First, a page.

Modern technology: Chapel, mental health clinic provide input on impact on relationships

  • Published
  • By Holly Logan-Arrington
  • Robins Public Affairs
It's happened to most people at one time or another.

You're having lunch with a friend and your conversation is interrupted by the repeated sound signaling your friend has received a text message. Suddenly, your interaction has been lost to a text messaging marathon.

Staff Sgt. Jeff Rybold, Robins Air Force Base chaplain's assistant, said he thinks technology should be kept in check.

"When a device becomes more of a priority than the people around you, it's a problem," he said.

Robins Chaplain (Capt.) Matt Spencer, agreed and said people often get so involved with smart phones and other such devices that they disconnect with the people around them, ultimately hurting interpersonal relationships.

People can become so caught up with what's on their phone that they feel the need to continually be on it, he said. "It's almost like, not getting on your phone will make your morning incomplete." 

People with such an addiction tend to disconnect with those around them and feel empty unless they're on their phone, Spencer said.

As with marital, abuse, and other problems, intervention is often necessary. Rybold said chaplains offer family counseling to active-duty service members that is protected by privileged communication.

"This counseling emphasizes the importance of the family and interpersonal relationships for airmen and their family members," Rybold said.

Lt. Cdr. Sara Pulliam, Robins' Mental Health Clinic psychological health director, said if an airman or dependent wants to reduce time spent on technology but is having difficulty doing so, therapy can be accessed through the Airman & Family Readiness Center's military family life consultants, Military One Source, the 78th Medical Group's Family Health Clinic Behavioral Health Optimization Program and the Mental Health Clinic.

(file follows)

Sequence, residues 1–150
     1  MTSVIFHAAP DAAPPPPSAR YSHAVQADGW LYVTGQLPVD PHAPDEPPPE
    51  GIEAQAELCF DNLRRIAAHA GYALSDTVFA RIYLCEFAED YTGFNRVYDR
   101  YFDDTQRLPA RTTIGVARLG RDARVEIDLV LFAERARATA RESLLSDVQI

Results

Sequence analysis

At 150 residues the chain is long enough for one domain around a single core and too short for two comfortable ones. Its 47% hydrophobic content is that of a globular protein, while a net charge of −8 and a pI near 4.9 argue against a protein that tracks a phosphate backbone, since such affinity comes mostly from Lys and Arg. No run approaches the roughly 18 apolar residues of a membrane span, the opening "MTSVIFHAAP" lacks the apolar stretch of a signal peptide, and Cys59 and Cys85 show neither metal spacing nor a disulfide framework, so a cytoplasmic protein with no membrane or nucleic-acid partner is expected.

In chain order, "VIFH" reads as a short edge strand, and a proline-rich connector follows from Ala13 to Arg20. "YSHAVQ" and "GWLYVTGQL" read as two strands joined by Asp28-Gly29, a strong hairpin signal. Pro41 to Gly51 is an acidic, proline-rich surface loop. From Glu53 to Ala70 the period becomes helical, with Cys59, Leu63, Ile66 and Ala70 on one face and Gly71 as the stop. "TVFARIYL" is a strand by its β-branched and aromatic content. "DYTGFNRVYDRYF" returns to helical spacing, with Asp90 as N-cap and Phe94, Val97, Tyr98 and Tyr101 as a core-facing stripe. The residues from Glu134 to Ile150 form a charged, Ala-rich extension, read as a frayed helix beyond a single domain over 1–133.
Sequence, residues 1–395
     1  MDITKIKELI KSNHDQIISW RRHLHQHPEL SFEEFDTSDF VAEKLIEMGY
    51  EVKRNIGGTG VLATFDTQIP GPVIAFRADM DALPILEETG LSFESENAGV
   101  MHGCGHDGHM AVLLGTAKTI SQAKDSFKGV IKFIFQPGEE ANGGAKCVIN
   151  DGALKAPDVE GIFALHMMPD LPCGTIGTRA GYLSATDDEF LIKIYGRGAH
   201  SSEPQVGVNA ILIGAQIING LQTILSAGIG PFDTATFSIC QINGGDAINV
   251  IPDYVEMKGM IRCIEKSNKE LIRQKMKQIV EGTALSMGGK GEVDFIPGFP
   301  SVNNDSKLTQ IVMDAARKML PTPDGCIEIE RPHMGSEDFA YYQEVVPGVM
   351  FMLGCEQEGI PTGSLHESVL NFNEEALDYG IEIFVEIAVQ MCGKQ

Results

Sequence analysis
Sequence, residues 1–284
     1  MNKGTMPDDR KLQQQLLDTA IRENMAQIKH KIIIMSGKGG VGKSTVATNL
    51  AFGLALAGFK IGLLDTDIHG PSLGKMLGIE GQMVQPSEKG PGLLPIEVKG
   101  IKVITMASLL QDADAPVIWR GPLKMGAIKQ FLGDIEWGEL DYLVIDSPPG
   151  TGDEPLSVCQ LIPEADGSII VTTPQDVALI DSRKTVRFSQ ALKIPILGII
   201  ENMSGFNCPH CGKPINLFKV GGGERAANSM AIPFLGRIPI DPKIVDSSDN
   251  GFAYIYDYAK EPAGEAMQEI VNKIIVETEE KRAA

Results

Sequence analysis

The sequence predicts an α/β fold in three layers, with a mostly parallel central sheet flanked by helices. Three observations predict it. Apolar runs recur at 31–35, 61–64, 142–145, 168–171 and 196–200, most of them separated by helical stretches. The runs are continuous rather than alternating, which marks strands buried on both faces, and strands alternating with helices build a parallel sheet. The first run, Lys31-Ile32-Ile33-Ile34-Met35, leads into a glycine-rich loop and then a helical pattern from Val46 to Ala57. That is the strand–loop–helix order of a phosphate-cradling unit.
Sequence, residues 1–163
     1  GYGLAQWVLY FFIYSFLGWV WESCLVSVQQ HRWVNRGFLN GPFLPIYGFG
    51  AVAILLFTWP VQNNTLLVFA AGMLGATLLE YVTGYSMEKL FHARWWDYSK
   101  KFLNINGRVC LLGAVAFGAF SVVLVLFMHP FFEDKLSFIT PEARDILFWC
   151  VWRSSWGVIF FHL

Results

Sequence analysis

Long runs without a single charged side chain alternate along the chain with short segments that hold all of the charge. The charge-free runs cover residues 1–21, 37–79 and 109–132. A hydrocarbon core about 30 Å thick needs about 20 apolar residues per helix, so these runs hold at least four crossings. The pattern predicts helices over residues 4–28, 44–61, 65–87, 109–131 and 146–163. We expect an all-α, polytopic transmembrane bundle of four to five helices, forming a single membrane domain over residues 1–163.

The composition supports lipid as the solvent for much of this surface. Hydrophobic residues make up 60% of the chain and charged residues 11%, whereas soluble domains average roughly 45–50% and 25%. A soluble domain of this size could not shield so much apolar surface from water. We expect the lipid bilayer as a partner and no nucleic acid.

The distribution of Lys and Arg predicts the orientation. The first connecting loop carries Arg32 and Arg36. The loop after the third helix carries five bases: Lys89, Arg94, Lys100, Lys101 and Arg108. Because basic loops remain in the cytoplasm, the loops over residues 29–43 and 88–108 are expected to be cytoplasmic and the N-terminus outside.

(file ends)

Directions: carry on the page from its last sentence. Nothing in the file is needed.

While civilians and contractors aren't eligible for the chapel's counseling services, Spencer said the chapel can provide referrals to off-base resources for help.
Quality time with loved ones can help people avoid problems.

"It's important to set time aside for activities like reading a book, playing sports and other hobbies that can help take our mind off of everyday technology," Spencer said.
The chapel offers a variety of opportunities for families to grow together and build unity apart from technology.

"The Chapel hosts various resiliency events throughout the year for airmen and their authorized dependents," Rybold said. "Often, these events take advantage of the great outdoors, a time away from email, social media and other technology-driven activities. We focus on building unity, emphasizing the importance of family spiritual fitness as well as expressing the importance of having fun." 

Rybold said when used the right way, today's technologies can be used to enhance interpersonal relationships.

"They can be used to keep in contact with our children, to keep up with family that is geographically separated, and maintain relationships with loved ones all over the world - whether stateside or deployed," he said. "Safety measures discussed with the family can ensure a safe family environment."

Spencer said balancing one's desire to connect through technology and the need to connect with other people face-to-face is the key.

"What we don't want to see happen is for families to become totally reliant on technology to communicate," he said. "As with anything, a healthy balance is necessary. We need to build strong, articulate leaders who can thrive in any environment."